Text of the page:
OrgHive: Health-conscious brands meet consumers in China
Anastasios Papadopoulos, co-founder of online platform OrgHive, speaks with NutritionInvestor about the Chinese consumer and the increasing interest for organic brands
Anastasios Papadopoulos, a lawyer turned venture capitalist, is the chief executive of Integrated Management Systems (IMS), a digital transformation agency with offices in Hong Kong, Shanghai, Guangzhou, Singapore and Paris. The company grew from three people to more than 300 in four years, banking on the growing demand for digitalisation from all kind of businesses in Asia. IMS is structured in three business units, encompassing digital transformation consultancy, marketing agency, and a venture capital arm – IMS Digital Ventures.
“I studied law and finance at HEC Paris before starting my career in M&A with the law firm Skadden Arps,” says Papadopoulos. “I was very fortunate to be part of several high-profile deals in the technology industry, and it was through those deals that I realised there were exciting opportunities to bring Silicon Valley-level technology to Asia.”
His belief in the growth of technology investment in the region has led IMS Digital Ventures to invest in data-driven, and game-changing, foodtech start-ups. OrgHive is a prime example – and a start-up with Papadopoulos name on it.
OrgHive launched in March, aiming to help Chinese consumers make health-conscious lifestyle choices while improving return on investment for food and drink brands in China. It applies blockchain technology to provide transparency and trust in the country’s organic and natural food and ingredients market.
“As of the end of September, more than 20 brands are using OrgHive, with another 60 brands in the pipeline,” says Papadopoulos. “OrgHive has accumulated over 10,000,000 views across its different touchpoints, with around three million monthly active users.”
Papadopoulos co-founded the start-up with Patrick Kaminski, an FMCG professional with more than 20 years of work experience in China. He served as a top executive for German powerhouses Henkel and Beiersdorf. Papadopoulos and Kaminsi are OrgHive co-chief executives.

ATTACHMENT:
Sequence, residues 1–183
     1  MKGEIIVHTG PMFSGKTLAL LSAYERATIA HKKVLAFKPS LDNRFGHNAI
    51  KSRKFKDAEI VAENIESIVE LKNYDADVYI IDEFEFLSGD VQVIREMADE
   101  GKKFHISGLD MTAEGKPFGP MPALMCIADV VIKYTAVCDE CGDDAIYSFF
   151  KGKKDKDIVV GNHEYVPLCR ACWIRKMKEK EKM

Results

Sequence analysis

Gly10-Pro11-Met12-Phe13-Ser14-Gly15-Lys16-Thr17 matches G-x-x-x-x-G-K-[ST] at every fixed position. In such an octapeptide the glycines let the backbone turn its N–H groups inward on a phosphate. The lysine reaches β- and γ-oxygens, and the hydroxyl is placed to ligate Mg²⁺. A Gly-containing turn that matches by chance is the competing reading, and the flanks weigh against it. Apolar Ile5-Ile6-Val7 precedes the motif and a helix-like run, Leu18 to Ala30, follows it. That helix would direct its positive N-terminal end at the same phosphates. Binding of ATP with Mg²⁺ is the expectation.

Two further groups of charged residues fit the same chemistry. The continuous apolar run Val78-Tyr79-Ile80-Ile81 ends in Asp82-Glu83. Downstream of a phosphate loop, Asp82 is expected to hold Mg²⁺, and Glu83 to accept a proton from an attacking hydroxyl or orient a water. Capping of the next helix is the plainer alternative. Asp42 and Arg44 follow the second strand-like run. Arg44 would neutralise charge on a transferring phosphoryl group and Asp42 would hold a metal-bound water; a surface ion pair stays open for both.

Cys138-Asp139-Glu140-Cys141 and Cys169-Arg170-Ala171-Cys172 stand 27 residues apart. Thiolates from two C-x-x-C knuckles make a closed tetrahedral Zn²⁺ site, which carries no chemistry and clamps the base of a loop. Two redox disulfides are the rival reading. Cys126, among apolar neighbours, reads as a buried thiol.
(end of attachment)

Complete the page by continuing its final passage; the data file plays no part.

A competitive market
Papadopoulos believes that navigating the Chinese organic and natural ingredients space requires knowledge and skills because it’s a big and highly competitive market.
“According to China’s Certificate and Accreditation Administration, approximately 20,000 certificates were issued to more than 12,000 domestic and international enterprises in 2018,” explains Papadopoulos. These, he says, are in addition to certificates issued to several international organic brands that are selling or considering to promote organic products to Chinese consumers out of China.
“The international brands are struggling to stand out and gain awareness as they are new to the market and are not equipped with what they need to succeed,” he says.
Consumer trends in China
Chinese culture inherently focuses more on the essence of the food and holistic physical health than Western culture. Hence, consumers gravitate towards brands that can make improvements for them in those aspects.
“One of our recent social listening exercises helped an organic milk brand gain tremendous traction in the Chinese market,” says Papadopoulos. “Chinese consumers were more favourable to the brand after its products were identified on social media as less ‘heaty’ – a Chinese medicine term that roughly means causing unseen inflammation to the body.”